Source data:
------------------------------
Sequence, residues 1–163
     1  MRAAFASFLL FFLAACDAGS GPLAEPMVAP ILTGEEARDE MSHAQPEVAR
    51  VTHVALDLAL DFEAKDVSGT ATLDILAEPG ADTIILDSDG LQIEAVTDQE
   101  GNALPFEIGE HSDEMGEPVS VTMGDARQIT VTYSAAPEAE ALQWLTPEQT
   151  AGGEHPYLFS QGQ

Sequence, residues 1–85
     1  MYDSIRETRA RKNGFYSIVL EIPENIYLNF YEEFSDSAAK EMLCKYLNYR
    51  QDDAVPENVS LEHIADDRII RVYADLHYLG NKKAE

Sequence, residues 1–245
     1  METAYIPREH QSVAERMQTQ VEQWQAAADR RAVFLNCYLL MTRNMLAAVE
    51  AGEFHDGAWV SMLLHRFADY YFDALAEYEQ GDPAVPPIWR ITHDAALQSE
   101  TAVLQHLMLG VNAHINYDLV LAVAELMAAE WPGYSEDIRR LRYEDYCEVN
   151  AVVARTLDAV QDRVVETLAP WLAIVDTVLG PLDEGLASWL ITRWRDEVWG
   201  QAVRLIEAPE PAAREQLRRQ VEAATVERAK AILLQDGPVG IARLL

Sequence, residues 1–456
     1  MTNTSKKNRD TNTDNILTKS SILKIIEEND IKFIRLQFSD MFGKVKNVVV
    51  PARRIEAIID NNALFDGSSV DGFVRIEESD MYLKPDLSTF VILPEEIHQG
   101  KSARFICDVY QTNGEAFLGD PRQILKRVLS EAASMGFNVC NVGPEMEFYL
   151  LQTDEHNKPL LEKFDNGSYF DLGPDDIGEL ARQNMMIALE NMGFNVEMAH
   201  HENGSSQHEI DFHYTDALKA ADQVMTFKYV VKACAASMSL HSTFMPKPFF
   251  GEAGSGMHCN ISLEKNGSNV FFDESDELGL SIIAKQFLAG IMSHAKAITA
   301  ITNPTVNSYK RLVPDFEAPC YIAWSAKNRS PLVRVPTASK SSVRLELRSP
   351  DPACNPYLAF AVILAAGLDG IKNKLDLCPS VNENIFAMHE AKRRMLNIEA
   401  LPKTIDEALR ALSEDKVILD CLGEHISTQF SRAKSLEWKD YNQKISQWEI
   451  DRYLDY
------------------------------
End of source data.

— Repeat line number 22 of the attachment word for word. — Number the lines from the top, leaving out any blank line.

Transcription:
   301  ITNPTVNSYK RLVPDFEAPC YIAWSAKNRS PLVRVPTASK SSVRLELRSP